My concern is two-fold: First, if Janet Napoles was involved in the Kevlar case more than 12 years ago, in what other deals was she a participant insofar as military contracts are concerned? Given the skepticism expressed by Justice Gutierrez on the acquittal of Napoles in the Kevlar case, perhaps it would be prudent to look into other deals that have Napoles’ fingerprints on them.
Second, we must ensure that equipment issued to our soldiers for their personal protection, such as helmets and body armor, be of the highest standards. We cannot afford to fool around with these matters seeing that they involve the lives and limbs of our men in uniform. Our soldiers deserve only the best for their personal safety and security. How many of our officers and men who died during the recent Zamboanga crisis could have been saved with proper helmets and body armor?
In his “Memoirs of a Secretary at War,” former US Defense Secretary Robert Gates reveals that in the early days of the Iraq war, 80 percent of US casualties were caused by improvised explosive devices (IEDs). He immediately ordered the development and deployment of mine-resistant, ambush-protected (MRAP) vehicles that provided better security against the strongest IEDs. Perhaps, we could use a few MRAPs not so much as shields against IEDs but for protection during ambush situations.
When a scandal broke out at Walter Reed Army Medical Center, with news reports describing hospital buildings full of “mold, filth, leaks, rodents, cockroaches, and overall shabbiness,” he relieved the hospital commander, Maj. Gen. George Weightman, and fired the secretary of the Army, Fran Harvey, who he felt “did not take the problem seriously enough.” In a message to every American serviceman and woman all over the world, he pledged that “I have no higher priority than taking care of our wounded warriors.”
This is the kind of commitment to the welfare of our troops that our military leaders must constantly exhibit.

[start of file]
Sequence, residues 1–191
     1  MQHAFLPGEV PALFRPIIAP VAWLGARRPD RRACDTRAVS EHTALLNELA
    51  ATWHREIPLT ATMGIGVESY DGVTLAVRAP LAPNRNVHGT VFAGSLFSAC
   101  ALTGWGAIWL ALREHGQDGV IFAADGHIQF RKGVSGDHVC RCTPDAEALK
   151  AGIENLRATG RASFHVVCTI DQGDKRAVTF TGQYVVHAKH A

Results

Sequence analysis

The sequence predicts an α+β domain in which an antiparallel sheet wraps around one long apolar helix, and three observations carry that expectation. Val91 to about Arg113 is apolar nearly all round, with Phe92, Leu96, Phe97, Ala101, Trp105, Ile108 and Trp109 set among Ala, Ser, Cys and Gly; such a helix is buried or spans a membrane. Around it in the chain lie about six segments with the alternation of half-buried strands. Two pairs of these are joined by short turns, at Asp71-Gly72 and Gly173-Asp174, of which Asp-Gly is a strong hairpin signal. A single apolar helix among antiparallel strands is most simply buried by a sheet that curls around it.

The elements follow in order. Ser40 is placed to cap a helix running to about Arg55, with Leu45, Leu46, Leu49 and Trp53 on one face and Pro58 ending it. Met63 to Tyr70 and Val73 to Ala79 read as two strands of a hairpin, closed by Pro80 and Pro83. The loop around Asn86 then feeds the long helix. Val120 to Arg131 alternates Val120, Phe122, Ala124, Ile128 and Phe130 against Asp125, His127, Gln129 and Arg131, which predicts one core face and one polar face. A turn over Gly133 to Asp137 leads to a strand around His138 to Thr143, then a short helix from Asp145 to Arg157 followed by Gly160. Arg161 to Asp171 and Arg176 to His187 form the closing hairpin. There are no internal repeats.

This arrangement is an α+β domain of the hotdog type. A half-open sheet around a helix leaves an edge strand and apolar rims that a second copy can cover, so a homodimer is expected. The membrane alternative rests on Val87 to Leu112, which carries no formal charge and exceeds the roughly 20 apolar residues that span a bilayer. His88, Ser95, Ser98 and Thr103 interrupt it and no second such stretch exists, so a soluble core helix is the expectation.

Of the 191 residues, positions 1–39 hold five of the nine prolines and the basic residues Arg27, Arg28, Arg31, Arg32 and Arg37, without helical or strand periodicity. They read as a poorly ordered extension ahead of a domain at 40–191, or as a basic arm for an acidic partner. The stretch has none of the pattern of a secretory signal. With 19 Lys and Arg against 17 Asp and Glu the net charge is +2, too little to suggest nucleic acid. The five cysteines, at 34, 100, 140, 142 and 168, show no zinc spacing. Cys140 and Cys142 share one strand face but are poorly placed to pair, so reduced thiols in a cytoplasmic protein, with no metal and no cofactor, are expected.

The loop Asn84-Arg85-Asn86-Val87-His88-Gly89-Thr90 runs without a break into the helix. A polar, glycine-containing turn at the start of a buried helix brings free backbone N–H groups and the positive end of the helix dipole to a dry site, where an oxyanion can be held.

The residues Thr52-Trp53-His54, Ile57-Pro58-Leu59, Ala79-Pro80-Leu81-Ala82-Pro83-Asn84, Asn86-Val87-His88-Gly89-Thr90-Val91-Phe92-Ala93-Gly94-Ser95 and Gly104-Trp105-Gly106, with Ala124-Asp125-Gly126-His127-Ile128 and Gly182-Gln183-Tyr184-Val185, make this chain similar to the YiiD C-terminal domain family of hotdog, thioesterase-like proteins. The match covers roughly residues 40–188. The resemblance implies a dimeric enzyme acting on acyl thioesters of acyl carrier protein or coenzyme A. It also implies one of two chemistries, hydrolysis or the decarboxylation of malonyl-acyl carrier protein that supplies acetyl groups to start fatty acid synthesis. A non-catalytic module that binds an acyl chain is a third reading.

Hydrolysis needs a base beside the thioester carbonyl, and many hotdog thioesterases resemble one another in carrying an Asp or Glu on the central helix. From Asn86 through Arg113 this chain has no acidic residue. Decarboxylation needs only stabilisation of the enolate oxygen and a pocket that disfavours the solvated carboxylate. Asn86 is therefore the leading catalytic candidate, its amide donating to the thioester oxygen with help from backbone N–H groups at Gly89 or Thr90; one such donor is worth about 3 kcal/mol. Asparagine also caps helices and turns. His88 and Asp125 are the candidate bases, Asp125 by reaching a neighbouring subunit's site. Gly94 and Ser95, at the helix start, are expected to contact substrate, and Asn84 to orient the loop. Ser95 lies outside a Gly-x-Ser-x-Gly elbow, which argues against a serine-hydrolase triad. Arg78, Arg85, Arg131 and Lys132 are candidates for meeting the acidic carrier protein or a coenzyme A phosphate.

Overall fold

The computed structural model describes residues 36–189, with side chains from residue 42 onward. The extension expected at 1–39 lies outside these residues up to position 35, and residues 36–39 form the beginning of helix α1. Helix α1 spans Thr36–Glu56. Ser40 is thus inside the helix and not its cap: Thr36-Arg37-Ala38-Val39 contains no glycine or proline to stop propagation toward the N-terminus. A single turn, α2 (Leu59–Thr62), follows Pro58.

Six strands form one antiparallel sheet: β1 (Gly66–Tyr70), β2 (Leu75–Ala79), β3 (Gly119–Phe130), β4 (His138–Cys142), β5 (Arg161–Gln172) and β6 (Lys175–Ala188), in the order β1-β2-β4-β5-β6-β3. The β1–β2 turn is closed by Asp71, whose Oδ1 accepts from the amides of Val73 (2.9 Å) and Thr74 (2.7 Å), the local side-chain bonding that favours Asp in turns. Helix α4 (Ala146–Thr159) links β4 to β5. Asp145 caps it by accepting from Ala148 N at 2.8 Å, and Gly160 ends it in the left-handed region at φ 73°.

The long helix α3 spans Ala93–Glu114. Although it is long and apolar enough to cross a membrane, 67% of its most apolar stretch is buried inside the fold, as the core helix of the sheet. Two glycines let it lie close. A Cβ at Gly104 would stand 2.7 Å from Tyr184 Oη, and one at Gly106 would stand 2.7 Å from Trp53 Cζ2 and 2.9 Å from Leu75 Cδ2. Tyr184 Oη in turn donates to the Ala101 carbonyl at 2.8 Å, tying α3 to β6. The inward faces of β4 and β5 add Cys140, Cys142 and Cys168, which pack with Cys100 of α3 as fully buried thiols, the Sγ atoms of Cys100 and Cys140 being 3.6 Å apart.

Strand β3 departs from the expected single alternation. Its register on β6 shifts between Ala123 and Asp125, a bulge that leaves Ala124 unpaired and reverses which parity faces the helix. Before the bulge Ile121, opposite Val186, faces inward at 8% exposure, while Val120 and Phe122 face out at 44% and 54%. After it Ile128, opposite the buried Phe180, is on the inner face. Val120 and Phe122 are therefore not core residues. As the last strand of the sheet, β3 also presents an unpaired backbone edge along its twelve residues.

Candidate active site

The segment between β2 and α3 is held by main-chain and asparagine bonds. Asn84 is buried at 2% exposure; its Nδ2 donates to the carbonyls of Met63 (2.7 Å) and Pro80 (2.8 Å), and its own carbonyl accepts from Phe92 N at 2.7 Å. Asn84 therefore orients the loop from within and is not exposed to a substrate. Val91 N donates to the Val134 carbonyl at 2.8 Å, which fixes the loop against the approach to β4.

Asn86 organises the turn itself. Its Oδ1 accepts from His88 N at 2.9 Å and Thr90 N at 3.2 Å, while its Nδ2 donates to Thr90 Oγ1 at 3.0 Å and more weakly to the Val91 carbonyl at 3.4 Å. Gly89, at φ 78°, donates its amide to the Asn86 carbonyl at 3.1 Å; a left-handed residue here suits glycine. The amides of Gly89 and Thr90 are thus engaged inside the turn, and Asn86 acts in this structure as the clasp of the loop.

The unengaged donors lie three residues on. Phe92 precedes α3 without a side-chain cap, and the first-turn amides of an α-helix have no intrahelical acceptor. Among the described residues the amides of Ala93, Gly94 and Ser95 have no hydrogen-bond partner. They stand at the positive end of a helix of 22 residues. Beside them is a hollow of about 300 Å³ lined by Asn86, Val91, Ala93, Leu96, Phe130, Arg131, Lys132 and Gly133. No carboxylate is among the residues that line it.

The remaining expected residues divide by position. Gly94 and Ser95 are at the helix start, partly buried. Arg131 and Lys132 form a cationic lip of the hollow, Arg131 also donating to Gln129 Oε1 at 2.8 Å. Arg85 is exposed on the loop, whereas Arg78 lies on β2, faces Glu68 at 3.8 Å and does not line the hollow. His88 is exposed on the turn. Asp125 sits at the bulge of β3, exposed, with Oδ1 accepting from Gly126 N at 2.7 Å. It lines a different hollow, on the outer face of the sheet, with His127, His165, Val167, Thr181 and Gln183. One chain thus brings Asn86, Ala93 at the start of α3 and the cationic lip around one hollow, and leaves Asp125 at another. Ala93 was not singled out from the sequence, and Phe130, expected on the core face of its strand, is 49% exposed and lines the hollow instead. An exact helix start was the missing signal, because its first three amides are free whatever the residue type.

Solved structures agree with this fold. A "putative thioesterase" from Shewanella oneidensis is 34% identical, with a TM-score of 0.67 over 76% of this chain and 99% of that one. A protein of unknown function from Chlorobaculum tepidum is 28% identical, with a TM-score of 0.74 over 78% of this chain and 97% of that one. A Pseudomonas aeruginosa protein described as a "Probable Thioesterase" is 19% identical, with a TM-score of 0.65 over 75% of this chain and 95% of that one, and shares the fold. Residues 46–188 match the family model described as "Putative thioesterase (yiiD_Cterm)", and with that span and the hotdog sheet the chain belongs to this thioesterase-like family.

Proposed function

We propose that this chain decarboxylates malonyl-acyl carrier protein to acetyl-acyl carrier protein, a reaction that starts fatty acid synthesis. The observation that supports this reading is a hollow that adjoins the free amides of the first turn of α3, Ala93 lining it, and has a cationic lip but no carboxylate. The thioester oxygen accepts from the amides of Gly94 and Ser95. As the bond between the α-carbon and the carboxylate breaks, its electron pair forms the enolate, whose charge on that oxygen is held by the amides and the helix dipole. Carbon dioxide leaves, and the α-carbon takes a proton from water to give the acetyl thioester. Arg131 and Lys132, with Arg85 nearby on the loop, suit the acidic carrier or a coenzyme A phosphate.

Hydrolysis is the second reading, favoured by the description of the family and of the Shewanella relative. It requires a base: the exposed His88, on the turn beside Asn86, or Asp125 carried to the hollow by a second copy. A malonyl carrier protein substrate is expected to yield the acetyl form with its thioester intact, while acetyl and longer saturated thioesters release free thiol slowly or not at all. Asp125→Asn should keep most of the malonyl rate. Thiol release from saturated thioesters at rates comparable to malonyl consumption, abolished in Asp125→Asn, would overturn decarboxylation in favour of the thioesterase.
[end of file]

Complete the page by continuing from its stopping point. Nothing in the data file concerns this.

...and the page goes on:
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Unique education experience.
Come Sept. 1, 2014, Canadian American School (CAS), an international school located inside the spanking, brand-new complex The City Club Alphaland Makati Place (TCCAMP), opens its school doors to 50 pioneering students currently registered in its ongoing preschool foreign language immersion programs (tots aged 1-5 years). CAS is unique in that its programs are nontraditional and creativity-driven. In its ongoing summer programs, 6-14 year-old students create scientific, moving objects in Robotics; explore characters in literacy and drama workshops; read series books in a Summer Reading Club; play violin and piano and guitar; learn values, social graces and personality development; and jump and stretch in Jazznastics.
There’s also a school nurse who takes care of the very young—1-year-olds, 14-month-olds—and looks over them by the swimming pool verandah. When they get sleepy, CAS has a quiet, leafy area (on a spacious, comfy daybed!) to lay them down. Early next year, a huge playground, complete with interactive water features, will open up next to the preschool. All CAS students will have access to TCCAMP facilities.
Today, July 7, at 3 p.m., Ms Gretchen del Rosario, spouse of Foreign Secretary Albert del Rosario, will cut a ceremonial ribbon, marking the formal opening of school activities. Visit CAS soon! Call 463-1669 now to make reservations for your child’s attendance!